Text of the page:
Representation of Merrell Williams as the provider of "in house" documents that subsequently laid the foundation for the "tobacco cases." The action was resolved in Mr. Williams's favor within the settlement between the tobacco companies and the State of Mississippi. The case caused quite a media frenzy and Mr. DeMoisey appeared with Mr. Williams on "60 Minutes" as part of the exposé centered on the tobacco litigation. Articles have appeared in the USA Today and the New York Times to name just a few major news outlets covering this landmark litigation. Mr. DeMoisey was also contacted by Mr. Ralph Nader who founded the consumer advocacy group Public Citizen and worked with Mr. Nader and a member of his team - Mr. Alan Morrison - in various capacities during the litigation.
The litigation spanned jurisdictions from Kentucky to Washington, D.C. to Mississippi. While most people solely account Jeffrey Wigand for blowing the whistle on big tobacco (made famous in the movie "The Insider") this article on tobacco.org describes the role both Merrell Williams and Jeffrey Wigand played in bringing justice to light. Mr. Wigand was used as the face for Hollywood because he worked for a tobacco company - Brown & Williamson. Merrell Williams - whom Fox DeMoisey represented - worked for one of Brown & Williamson's law firms, which had copies of the research and other documentation that was kept from the public and the United States Congress showing that nicotine is addictive and cigarettes cause cancer.
Louisville & Jefferson County Metropolitan Sewer District v. Tarrytowne Sanitation Company, 818 S.W.2d 267 (Ky. App. 1991).
Representation of Tarrytowne Sanitation in recovering from and requiring MSD to pay just compensation to Tarrytowne after it transferred its sewer system to MSD, even though it could no longer legally operate its sewer collection and treatment process after the expansion of MSD. Successfully applied to this case the Kentucky Constitutional provisions that prohibit the taking of private property for public use without first providing just compensation.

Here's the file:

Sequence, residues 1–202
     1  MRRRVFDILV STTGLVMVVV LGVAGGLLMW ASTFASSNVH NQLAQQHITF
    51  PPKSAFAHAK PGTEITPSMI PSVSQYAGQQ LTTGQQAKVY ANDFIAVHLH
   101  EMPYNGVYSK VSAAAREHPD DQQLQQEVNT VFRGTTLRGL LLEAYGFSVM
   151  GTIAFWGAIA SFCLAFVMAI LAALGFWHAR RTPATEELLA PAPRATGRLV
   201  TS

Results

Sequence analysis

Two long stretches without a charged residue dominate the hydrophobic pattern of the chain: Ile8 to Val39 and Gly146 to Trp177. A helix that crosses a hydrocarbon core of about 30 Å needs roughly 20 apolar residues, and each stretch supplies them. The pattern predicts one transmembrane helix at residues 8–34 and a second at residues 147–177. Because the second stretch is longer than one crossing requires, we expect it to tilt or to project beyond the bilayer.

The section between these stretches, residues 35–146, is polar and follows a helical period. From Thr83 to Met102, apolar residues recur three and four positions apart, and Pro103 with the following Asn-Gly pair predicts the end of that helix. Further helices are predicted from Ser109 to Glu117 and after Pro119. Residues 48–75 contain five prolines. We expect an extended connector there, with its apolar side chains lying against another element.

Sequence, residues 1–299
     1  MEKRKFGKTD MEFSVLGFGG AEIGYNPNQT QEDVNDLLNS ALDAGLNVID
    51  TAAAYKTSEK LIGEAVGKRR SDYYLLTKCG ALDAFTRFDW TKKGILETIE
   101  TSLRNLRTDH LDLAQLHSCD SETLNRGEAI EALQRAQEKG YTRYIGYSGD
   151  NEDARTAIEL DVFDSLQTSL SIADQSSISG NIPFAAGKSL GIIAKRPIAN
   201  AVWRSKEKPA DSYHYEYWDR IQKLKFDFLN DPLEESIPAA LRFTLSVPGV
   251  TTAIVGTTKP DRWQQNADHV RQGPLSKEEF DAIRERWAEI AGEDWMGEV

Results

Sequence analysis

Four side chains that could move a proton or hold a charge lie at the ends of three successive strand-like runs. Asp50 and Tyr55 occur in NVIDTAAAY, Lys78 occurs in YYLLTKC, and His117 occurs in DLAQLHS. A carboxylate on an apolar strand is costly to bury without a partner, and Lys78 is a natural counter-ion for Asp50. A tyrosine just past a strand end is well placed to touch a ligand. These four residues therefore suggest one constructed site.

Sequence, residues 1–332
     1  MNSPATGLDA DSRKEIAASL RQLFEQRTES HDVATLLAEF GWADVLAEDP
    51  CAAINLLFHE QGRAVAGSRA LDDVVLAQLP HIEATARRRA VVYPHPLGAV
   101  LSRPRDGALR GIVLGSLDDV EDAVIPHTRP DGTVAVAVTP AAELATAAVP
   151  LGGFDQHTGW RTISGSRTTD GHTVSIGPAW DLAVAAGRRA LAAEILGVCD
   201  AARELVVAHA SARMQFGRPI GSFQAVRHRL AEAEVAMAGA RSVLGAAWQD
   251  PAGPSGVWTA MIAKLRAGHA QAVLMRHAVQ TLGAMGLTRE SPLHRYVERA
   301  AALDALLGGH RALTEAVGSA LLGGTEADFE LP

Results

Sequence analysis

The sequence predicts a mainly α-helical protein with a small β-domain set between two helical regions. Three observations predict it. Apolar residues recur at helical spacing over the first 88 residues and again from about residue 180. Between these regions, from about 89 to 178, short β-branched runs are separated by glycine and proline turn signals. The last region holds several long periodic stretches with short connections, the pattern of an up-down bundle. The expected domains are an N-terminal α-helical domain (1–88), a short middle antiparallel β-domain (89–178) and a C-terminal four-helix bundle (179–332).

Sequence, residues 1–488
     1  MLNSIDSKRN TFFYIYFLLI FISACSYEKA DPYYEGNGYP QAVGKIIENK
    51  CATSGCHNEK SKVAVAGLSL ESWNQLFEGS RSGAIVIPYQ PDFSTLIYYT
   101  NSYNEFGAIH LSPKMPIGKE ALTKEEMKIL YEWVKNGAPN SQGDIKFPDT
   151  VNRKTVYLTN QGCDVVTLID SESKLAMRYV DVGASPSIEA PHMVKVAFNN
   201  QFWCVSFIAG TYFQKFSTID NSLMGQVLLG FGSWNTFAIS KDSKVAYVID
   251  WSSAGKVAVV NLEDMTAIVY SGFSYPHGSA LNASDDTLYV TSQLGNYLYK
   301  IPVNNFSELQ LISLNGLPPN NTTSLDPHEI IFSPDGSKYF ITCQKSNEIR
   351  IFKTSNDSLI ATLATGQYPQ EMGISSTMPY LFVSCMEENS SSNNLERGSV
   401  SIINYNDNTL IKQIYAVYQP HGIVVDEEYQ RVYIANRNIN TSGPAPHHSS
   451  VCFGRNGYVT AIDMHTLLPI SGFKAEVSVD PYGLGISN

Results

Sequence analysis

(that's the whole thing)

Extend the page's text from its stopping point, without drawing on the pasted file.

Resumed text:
Davidson v. Commonwealth, 613 S.W.2d 431 (Ky. App. 1981).
This case marked the first time where a Court addressed the "in custody" interrogation of a minor requiring Miranda Rights to be given through a parent or guardian. This case set the groundwork for a subsequent successful 42 U.S.C. 1983 action (David v. Jefferson County and Officer Cissell) wherein the estate of Terry Davidson made a sever figure recovery for the wrongful death caused by Officer Cissell in the course of improperly arresting Mr. Davidson's minor sons.
Harmer, Ph.D. v. Ky. Board of Examiners of Psychology, Franklin Circuit Court,
Case No. 96-CI-01567
The Franklin Circuit Court reversed the adverse finding by the Board based upon the misuse of the APA Ethical Principles of Psychologists and Code of Conduct.
- Louis D. Brandeis School of Law, University of Louisville, Louisville, Kentucky
- Juris Doctor - 1973
- Davidson College, Davidson, North Carolina
- Bachelor of Arts - 1970
- Major: Political Science
- Kentucky, 1973